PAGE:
Mayor Kenney’s plan for the arts

A Pulitzer for Philly playwright James Ijames spotlights our arts funding crisis

In
5 minute read
A headshot of Ijames, a Black man in his late 30s. He looks with gentle dignity at the camera & wears a white collared shirt.

Well. Here we are again. Next fiscal year, the Kenney administration has proposed cutting the Philadelphia Cultural Fund by a million dollars. And a Pulitzer Prize for drama, awarded this week to Philadelphia playwright, professor, and Wilma Theater co-artistic director James Ijames, is just the latest reason that slashing our arts budget is a spectacularly bad idea.

BSR is a proud 2022 Philadelphia Cultural Fund (PCF) grant recipient. We’ve been vocal about supporting city arts funding, especially since Mayor Kenney proposed eliminating PCF in his 2020 budget, in response to pandemic pressures.

PCF targets small and mid-size arts organizations; some grants totaling just a few thousand dollars are a vital chunk of the operating budget for many groups powering themselves from season to season with the help of neighborhood supporters.

PCF’s current $3.5 million budget is already an almost-invisible fraction of the proposed $5.61 billion city budget, and the mayor aims to cut PCF to $2.5 million in FY23. “The loss of $1 million to the Cultural Fund will have a real and potentially devastating effect on these small and mid-sized arts organizations, many of which are only beginning to recover from the pandemic,” the Greater Philadelphia Cultural Alliance said in a March 31 statement.

The Wilma Theater, which presented the world premiere of Ijames’s Pulitzer-winning Fat Ham last spring, was a PCF grant recipient in 2020. And Azuka Theatre, which hosted the first public reading of the play in 2020, received a PCF grant last year.

A career forged in Philly

Ijames, a North Carolina native living in Philly, is a Temple alum and an assistant professor at Villanova University. Many of his plays have been developed, premiered, or performed on Philly-area stages. These include the 2014 premiere of The Most Spectacularly Lamentable Trial of Miz Martha Washington at Flashpoint Theatre Company (which shuttered two years later because of a lack of funding); White, developed at PlayPenn New Play Conference and premiered at Norristown’s Theatre Horizon in 2017; this year’s Theatre Horizon production of TJ Loves Sally 4 Ever; the Wilma’s 2018 production of Kill Move Paradise and 2021’s Fat Ham premiere (filmed for the pandemic era); and his latest world premiere, Reverie, which runs through May 22 at Azuka.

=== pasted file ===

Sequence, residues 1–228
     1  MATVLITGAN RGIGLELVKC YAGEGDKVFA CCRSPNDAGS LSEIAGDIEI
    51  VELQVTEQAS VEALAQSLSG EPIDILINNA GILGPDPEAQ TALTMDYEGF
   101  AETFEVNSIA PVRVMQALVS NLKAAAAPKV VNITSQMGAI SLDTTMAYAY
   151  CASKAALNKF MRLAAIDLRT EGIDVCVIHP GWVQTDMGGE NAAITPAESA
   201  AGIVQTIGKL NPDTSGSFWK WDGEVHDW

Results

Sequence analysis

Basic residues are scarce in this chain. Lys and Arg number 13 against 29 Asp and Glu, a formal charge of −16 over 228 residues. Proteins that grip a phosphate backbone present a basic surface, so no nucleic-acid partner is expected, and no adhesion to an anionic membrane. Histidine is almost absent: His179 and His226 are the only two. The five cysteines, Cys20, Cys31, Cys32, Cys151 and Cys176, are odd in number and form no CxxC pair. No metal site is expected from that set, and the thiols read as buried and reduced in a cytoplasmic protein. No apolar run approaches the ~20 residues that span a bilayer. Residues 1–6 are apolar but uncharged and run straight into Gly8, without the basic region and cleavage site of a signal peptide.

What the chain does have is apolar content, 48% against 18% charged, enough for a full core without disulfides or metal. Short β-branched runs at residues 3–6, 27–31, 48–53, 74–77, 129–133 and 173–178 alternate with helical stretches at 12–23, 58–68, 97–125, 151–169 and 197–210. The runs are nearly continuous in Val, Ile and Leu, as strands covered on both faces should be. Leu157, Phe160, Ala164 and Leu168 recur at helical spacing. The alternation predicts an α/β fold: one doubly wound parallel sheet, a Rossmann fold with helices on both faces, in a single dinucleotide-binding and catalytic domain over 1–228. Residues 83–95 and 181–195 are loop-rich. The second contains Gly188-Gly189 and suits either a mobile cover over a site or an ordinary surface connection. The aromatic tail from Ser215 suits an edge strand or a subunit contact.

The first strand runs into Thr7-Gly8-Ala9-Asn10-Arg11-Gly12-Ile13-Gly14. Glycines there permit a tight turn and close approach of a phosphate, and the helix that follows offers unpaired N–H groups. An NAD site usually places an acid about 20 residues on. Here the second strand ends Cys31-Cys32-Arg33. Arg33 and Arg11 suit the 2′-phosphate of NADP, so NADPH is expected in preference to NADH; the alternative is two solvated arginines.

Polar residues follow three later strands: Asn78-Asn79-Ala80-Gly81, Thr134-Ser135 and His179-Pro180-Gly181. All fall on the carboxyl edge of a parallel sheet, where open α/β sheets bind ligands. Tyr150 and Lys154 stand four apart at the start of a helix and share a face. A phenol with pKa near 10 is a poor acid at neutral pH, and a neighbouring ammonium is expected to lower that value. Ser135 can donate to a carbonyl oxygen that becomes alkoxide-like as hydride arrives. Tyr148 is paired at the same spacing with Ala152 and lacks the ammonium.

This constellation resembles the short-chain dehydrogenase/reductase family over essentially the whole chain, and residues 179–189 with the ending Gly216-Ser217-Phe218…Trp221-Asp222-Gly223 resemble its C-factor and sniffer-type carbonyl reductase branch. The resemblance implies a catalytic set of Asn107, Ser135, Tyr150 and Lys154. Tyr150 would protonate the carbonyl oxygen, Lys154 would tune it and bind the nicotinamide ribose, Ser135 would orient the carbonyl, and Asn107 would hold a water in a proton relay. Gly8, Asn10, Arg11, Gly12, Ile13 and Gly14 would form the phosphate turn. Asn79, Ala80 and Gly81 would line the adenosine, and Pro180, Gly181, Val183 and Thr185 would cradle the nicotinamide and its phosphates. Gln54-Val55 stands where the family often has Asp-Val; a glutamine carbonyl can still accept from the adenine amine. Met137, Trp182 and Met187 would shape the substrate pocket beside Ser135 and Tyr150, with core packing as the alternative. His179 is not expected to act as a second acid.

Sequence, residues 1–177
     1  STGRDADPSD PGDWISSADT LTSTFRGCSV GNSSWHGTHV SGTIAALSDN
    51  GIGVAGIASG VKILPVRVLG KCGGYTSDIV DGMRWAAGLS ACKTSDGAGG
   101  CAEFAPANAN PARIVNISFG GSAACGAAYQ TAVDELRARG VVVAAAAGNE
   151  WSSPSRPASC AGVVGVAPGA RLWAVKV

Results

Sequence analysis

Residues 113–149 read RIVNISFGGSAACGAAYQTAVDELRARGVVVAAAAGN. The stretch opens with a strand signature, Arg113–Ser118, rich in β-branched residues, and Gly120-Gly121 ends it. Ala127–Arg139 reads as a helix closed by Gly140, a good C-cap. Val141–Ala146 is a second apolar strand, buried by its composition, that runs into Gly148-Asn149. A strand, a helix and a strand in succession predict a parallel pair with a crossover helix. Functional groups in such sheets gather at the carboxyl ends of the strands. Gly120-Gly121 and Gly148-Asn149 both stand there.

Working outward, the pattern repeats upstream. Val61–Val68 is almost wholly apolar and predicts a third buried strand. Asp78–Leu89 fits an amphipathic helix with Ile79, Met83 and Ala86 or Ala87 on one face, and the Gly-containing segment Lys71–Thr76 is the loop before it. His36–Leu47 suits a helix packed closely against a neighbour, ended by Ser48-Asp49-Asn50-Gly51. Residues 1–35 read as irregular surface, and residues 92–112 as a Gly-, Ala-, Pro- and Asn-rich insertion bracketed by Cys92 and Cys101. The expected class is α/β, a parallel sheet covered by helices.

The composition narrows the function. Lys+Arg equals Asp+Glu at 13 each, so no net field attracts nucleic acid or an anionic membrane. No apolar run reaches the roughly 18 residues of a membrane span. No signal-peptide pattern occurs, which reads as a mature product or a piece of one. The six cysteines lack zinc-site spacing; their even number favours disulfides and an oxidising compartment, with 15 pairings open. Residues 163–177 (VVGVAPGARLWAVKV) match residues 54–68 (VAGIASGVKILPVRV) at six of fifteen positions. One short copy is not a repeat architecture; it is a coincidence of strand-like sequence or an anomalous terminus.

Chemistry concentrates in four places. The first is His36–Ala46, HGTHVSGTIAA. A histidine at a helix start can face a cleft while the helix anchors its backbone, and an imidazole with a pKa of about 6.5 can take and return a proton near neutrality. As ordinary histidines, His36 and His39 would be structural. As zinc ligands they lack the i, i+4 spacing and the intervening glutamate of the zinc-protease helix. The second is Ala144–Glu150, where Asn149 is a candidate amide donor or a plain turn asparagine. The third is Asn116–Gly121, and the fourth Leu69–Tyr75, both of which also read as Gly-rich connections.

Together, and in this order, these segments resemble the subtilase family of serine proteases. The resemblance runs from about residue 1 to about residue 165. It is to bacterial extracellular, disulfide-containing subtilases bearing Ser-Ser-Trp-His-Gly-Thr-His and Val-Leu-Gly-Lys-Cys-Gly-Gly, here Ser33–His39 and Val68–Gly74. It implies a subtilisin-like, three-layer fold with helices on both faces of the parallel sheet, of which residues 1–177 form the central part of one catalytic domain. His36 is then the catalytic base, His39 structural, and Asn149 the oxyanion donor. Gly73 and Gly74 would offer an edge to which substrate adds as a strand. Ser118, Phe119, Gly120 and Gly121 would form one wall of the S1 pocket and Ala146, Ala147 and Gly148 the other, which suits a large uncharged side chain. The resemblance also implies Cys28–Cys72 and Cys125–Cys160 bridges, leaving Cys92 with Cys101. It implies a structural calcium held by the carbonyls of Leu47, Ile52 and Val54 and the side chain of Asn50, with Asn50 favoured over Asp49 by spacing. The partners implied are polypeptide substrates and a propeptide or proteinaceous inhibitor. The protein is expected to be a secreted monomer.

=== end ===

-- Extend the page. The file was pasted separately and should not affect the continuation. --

Ijames won the 2011 F. Otto Haas Award for an Emerging Philadelphia Theatre Artist, Barrymores for acting and directing, and a Terrence McNally New Play Award, among other honors. (You can listen to his 2017 interview with BSR podcaster Darnelle Radford here.) But his story is not simply that of a meteoric individual talent—though no-one who’s experienced his work can doubt his singular skill and vision. Ijames’s story is a city full of peers, artists, administrators, audiences, cultural leaders, and funders who embraced his talent, supported his development, and went to see his work, as it materialized with the help of countless local stage artists.

The annual arts axe

If the Kenney administration continues to shrink our arts funding ecosystem, are we chopping off whole communities of artists who would otherwise shake the world? How can we avoid that, as arts institutions peel back their programming, slash their budgets, or close down in response to chronic cutbacks like the perennial attempt to gut the Cultural Fund?

“We will invest in our vibrant arts and cultural sector,” including Cultural Fund grants, the budget claims, before noting the $1 million cut—which especially angers arts proponents who point to a $23.7 million increase to the Police Department, and $800 million in Philly-designated American Rescue Plan dollars still untouched.

A scene from Fat Ham. A close-up on two Black men, one tenderly holding the other's head on his shoulder.
Strength in vulnerability and sensitivity: Brennen S. Malone (left) and Brandon J. Pierce in Ijames's ‘Fat Ham.’ (Image courtesy of the Wilma.)

Ijames and the community that fostered his work represent a world where a Philly artist can emerge on a global stage with joyful, incisive, troubling, magnetic works that speak to the biggest issues of the 21st century. And how many Philly artists will never win a Nobel, a Pulitzer, a Tony, an Oscar, or a Barrymore, but will spend their lives enriching their communities with the stories and happenings that bring us together and stoke our pride in the place where we live?

Does City Hall look forward to a world where instead of getting that chance, Philly artists face a lack of funding that grinds them out of promising careers and extinguishes the heart of our city?

Does Mayor Kenney feel just fine, year after year, with taking a million-dollar cudgel to a Cultural Fund budget that already represents a tiny fraction of one percent of the city’s proposed spending? Is he proud of the Philly playwright whose Pulitzer Prize-winning show premiered at one of our own theaters—or does the mayor think taking an annual axe to the arts is a better choice than sending a sliver of money to the creative economy that nurtures artists like Ijames?

Philly arts rely on you

If you want City Hall to maintain the Cultural Fund budget at its current level (at the very least), make your voice heard. Contact your councilperson, blast the message in your networks with the hashtag #FundPHLArts, and if you can, join a rally at the north apron of City Hall on Wednesday, May 11 at 11:30am, hosted by the Greater Philadelphia Cultural Alliance, and demand public investment in Philly’s creative economy.

The next James Ijames may be counting on you.

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